“To imagine a language is to imagine a form of life.” 1
The relationship between culture and language is a two-way street: language reflects the material and conceptual worlds we live in, but it also has the ability to shape perception and collective consciousness.2 Many environmental thinkers believe in the importance of language in confronting the Anthropocene: “Words wield tremendous influence over human thought and action.”3 Considering that synthetic biology and biodesign are relatively young fields, their futures and the way they are discussed are malleable and full of potential. My tentative capstone idea for Designing with Life is the creation of an encyclopedia or dictionary: a new, more conscious and ecological lexicon surrounding synthetic biology and biodesign. I hope this will create more nuanced understandings of biology and its capabilities, as well as more empathetic relationships with our planet and non-human cohabitants.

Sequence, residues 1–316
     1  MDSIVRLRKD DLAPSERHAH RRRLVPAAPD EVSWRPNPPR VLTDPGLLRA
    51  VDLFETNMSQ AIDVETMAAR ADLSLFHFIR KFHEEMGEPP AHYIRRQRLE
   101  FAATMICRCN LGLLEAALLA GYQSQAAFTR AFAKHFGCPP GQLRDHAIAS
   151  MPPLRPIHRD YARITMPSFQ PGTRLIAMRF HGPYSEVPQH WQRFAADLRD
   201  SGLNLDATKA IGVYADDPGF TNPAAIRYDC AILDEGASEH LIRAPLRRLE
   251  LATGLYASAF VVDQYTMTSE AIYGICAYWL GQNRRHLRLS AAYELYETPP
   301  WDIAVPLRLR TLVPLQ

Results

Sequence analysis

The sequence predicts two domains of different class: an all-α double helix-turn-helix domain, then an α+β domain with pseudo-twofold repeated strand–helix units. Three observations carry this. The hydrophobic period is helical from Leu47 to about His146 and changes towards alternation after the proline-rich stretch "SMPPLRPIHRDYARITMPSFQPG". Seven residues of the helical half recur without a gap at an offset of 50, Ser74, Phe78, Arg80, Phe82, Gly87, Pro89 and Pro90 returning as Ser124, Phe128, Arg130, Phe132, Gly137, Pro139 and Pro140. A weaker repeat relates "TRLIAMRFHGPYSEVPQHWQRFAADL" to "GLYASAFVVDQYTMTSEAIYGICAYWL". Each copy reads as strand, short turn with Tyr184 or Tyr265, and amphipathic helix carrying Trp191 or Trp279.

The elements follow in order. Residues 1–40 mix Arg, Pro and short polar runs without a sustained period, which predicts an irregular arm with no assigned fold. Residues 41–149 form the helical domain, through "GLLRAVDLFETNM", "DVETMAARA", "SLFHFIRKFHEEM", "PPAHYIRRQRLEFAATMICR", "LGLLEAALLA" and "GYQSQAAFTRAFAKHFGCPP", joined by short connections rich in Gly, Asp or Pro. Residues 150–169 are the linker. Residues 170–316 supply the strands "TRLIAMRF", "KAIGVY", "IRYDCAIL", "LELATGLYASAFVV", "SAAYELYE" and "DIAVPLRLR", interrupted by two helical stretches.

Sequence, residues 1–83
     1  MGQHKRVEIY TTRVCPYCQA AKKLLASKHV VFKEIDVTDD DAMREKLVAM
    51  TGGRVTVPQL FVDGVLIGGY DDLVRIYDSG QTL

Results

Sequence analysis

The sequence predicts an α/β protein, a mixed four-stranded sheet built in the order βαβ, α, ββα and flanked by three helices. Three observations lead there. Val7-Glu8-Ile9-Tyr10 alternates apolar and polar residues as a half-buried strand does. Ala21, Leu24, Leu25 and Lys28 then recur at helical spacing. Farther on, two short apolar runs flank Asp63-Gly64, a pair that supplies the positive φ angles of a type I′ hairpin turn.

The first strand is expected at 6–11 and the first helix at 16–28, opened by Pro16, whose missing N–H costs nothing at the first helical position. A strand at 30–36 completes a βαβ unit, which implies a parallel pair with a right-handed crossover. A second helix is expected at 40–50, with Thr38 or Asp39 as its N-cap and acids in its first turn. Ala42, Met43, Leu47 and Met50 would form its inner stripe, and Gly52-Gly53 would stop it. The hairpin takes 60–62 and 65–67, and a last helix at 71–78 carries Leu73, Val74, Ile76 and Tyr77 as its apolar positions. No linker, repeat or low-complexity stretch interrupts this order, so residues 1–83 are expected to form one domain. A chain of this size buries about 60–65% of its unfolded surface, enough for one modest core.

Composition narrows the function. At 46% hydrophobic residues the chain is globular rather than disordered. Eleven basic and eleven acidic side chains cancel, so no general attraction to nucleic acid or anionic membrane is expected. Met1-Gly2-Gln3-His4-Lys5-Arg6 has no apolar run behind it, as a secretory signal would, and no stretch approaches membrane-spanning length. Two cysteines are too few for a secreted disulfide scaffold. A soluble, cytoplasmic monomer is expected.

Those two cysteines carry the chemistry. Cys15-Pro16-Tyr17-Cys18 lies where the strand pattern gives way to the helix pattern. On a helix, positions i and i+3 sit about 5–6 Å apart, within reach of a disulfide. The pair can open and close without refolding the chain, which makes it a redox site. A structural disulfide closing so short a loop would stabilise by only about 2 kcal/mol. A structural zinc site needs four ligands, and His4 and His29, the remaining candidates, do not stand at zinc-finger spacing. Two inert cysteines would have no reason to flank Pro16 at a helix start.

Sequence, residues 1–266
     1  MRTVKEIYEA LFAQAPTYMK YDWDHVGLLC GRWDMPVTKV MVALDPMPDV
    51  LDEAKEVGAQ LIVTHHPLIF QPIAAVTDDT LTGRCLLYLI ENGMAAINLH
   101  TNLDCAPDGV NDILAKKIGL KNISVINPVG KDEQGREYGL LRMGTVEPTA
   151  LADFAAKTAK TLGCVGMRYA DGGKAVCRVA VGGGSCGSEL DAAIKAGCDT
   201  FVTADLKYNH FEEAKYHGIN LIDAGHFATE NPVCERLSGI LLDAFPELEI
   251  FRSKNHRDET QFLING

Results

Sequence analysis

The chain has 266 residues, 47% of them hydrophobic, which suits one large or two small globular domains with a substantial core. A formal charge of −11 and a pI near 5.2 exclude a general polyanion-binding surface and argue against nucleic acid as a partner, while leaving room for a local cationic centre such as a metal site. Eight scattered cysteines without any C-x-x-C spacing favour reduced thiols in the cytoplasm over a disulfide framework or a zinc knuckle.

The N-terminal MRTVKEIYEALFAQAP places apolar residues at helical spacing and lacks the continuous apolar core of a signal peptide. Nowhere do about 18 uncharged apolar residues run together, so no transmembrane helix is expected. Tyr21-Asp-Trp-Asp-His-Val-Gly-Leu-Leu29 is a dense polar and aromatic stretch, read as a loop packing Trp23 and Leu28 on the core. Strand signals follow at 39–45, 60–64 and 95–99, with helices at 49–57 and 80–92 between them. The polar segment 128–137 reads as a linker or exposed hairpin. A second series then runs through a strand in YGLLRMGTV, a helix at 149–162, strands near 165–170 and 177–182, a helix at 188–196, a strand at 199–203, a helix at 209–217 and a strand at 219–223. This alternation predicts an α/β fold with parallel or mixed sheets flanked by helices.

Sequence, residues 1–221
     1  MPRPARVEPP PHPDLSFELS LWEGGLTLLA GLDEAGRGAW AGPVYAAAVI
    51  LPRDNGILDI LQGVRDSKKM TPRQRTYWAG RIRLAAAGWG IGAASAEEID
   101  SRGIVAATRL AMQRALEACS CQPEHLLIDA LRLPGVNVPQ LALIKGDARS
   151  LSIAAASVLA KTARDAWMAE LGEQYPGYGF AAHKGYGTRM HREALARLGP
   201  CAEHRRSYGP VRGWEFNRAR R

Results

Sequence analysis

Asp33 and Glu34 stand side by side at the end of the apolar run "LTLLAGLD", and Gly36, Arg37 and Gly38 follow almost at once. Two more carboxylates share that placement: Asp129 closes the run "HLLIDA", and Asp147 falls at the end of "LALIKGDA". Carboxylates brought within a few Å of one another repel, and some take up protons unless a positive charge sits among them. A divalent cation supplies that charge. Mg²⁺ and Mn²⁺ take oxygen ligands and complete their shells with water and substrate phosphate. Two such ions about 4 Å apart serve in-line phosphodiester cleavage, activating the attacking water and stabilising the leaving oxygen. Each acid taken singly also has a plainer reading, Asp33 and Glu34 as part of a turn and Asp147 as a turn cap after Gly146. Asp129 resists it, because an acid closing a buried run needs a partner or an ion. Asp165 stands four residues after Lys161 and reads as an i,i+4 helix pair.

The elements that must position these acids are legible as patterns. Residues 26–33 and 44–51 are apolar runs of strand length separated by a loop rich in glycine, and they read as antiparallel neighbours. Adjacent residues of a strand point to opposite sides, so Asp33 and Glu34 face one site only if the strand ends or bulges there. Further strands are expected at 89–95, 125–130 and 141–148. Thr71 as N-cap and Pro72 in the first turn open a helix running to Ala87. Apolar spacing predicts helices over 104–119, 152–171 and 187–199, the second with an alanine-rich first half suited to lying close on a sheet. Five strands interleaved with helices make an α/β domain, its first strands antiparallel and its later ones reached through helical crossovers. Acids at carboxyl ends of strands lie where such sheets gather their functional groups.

1. Ludwig Wittgenstein, Philosophical Investigations, trans. G.E.M. Anscombe (Oxford: Basil Blackwell, 1958): 6.
2. Matthew Schneider-Mayerson and Brent Ryan Bellamy, An Ecotopian Lexicon (Minneapolis: University of Minnesota Press, 2019), 6.
3. Sean O’Neill, “Mythic and Poetic Dimensions of Speech in Northwestern California: From Cultural Vocabulary to Linguistic Relativity,” Anthropological Linguistics 48, no. 4 (2006): 309.